Printed copy (American Art Association Catalogue, Frederick B. McGuire Collection , item 138). 2 pp. JM saw this letter, according to Shelby’s letter to him of 15 May 1814, which stated: “I confess the first impressions made upon my mind when informed of the Defeat of Colo. Dudleys ridgmen on the 5th. May last, was unfavourable to Genl Harrisons plans, but on correct information and a knowledge of his whole plans I have no doubt but they were well concerted … I mention this Subject because Mr. H. Clay informed me that he had Shewn you my letter Stating the impressions which that affair had first made upon my mind, on information that was not correct” (NHi; printed in Esarey, Messages and Letters of William Henry Harrison, Indiana Historical Collections, 2:649–51).
1. For the battle, see Joseph Wheaton to James Monroe and JM, 1 May 1813, n. 2.
2. William Henry Harrison to John Armstrong, 5 May 1813 (Esarey, Messages and Letters of William Henry Harrison, Indiana Historical Collections, 2:431–33).
3. Dudley was killed in the battle, but Shelby’s son, Maj. James Shelby, survived (James Wallace Hammack Jr., Kentucky and the Second American Revolution: The War of 1812 [Lexington, 1976], 65, 68).
4. Shelby wrote to William Eustis on 5 Sept. 1812 (DNA: RG 107, LRRS, S-367:6), and to Armstrong on 21 Feb., 20 Mar., 18 Apr., and 2 May 1813 (ibid., S-78:7, S-126:7, S-192:7, S-183:7). Eustis replied on 17 Sept. 1812, stating that Shelby’s letter had been “laid before the President,” and addressing the issues of military organization that the governor had raised (DNA: RG 107, LSMA). On 5 Mar. 1813, Armstrong acknowledged Shelby’s letter of 21 Feb., commenting that his “remarks upon the last Campaign & those which would substitute another and better plan for the next are very acceptable, as they entirely coincide with the ideas formed by the President under the present state of things” (ibid.).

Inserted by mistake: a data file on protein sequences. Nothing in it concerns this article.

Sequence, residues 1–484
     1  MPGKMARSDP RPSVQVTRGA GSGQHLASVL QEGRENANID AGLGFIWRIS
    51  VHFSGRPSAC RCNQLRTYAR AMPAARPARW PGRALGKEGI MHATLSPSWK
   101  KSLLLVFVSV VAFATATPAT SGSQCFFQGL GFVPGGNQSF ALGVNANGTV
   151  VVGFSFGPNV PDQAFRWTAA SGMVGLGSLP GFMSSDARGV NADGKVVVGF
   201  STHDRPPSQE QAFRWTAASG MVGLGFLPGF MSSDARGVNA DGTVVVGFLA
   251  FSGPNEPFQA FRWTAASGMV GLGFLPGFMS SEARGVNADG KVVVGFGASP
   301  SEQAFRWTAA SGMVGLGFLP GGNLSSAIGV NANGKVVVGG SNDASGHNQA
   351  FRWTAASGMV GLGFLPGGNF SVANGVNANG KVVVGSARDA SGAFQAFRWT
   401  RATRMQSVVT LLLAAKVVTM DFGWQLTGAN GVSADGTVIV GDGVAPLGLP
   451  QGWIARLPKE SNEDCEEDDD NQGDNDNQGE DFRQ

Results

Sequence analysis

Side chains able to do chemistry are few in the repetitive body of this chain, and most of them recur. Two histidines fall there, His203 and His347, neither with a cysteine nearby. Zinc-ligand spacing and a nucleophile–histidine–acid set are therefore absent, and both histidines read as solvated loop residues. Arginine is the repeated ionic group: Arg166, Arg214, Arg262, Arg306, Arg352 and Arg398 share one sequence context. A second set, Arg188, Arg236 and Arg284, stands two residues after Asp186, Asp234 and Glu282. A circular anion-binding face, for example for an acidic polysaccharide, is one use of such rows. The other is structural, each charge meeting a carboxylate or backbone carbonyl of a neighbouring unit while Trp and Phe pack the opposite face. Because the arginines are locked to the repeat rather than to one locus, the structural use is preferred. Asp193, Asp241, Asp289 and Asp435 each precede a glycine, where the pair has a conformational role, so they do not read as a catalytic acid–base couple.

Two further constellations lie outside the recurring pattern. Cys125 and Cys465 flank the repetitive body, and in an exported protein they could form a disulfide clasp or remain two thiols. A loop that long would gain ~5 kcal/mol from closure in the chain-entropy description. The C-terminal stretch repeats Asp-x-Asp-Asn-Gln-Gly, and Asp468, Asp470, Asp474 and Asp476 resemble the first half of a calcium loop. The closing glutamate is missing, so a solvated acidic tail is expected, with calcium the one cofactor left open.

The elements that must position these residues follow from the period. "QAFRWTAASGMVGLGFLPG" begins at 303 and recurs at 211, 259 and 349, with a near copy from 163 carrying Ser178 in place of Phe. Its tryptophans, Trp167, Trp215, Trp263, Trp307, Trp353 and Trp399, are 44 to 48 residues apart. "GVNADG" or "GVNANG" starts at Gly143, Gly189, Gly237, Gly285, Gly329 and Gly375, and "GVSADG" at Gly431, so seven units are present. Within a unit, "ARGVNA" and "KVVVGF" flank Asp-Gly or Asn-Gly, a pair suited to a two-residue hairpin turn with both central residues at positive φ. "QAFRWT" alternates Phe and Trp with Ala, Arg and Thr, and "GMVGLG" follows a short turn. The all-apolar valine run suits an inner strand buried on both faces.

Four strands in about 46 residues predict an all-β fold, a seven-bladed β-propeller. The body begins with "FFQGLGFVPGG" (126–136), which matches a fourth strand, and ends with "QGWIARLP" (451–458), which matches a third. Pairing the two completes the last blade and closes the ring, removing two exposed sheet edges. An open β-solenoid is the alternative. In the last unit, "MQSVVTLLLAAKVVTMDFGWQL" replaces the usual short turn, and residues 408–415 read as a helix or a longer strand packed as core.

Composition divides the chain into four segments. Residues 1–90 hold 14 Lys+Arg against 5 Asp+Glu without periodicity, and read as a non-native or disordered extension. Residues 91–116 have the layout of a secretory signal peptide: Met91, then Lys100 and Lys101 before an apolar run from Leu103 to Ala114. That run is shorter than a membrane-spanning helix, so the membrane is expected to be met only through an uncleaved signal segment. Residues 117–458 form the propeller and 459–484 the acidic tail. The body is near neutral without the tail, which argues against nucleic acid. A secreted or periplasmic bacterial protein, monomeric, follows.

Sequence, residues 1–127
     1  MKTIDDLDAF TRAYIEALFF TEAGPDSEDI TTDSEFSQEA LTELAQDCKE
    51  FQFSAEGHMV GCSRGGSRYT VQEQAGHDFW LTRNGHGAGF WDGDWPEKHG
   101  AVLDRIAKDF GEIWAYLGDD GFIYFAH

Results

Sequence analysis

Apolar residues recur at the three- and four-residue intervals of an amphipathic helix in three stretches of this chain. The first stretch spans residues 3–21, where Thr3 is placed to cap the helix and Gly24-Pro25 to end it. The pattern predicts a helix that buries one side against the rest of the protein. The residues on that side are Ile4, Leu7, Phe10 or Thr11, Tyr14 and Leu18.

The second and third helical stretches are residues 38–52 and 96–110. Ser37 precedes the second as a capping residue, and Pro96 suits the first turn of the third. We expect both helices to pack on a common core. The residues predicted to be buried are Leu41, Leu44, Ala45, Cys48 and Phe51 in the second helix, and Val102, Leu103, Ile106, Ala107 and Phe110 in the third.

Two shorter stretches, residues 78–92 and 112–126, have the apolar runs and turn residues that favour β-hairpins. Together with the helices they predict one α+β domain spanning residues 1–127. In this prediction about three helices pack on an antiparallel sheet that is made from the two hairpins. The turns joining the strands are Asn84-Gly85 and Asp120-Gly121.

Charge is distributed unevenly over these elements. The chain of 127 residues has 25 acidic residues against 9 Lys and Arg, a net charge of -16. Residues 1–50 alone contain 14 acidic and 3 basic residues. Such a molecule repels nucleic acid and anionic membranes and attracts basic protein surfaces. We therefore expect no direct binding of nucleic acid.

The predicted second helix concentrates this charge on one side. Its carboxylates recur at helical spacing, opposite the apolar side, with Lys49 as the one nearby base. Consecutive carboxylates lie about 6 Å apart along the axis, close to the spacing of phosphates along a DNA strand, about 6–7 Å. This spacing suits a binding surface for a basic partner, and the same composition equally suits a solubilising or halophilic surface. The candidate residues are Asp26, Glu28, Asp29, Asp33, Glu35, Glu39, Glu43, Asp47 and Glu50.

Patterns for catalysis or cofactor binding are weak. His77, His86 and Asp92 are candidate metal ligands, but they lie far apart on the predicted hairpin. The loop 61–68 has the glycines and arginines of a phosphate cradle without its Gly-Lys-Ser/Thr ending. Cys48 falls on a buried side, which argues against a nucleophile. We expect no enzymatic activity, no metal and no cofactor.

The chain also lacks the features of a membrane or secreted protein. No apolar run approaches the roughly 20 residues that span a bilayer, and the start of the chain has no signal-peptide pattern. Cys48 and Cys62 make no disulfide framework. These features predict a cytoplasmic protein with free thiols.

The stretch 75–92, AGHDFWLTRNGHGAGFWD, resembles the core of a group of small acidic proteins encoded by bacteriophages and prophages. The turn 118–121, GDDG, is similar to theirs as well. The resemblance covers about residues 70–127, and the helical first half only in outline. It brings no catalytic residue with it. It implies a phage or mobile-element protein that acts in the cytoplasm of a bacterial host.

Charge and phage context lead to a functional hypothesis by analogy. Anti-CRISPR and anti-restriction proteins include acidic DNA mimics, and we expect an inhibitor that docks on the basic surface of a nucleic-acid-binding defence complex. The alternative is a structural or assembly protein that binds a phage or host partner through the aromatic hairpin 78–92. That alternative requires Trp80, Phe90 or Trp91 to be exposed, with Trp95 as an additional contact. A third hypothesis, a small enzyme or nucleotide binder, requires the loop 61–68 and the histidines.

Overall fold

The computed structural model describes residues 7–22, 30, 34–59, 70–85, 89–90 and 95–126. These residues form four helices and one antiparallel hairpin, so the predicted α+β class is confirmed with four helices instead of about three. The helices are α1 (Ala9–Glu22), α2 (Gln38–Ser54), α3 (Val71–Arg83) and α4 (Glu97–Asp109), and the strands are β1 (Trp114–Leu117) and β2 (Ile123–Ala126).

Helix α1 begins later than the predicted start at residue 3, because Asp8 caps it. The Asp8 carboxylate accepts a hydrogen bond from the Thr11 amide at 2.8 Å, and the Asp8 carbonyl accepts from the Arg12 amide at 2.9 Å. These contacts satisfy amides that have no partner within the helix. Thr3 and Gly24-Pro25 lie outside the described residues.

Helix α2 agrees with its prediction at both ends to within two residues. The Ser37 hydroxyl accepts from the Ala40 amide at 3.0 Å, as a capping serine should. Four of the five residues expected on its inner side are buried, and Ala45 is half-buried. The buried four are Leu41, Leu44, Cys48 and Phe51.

5. Shelby expressed concerns about payment of the Kentucky militia in his letters to Armstrong of 20 Mar. and 18 Apr. 1813. In the meantime, Armstrong had attempted to cut costs by limiting Harrison’s authority to call out militia and to draw bills on the War Department (Armstrong to Harrison, 3 and 27 Apr. 1813, DNA: RG 107, LSMA). Harrison admitted to Shelby in a letter of 9 Apr. 1813 that he had “reason to believe that the power formerly given to me to call upon the Executive of the adjacent states and Territories for Detachments of Militia is considered by the Secretary of War as being annuled” (Esarey, Messages and Letters of William Henry Harrison, Indiana Historical Collections, 2:416). Other reports of the restrictions placed on Harrison’s authority may have circulated as well, contributing to the belief that the Kentucky militia called out by his orders would not be paid.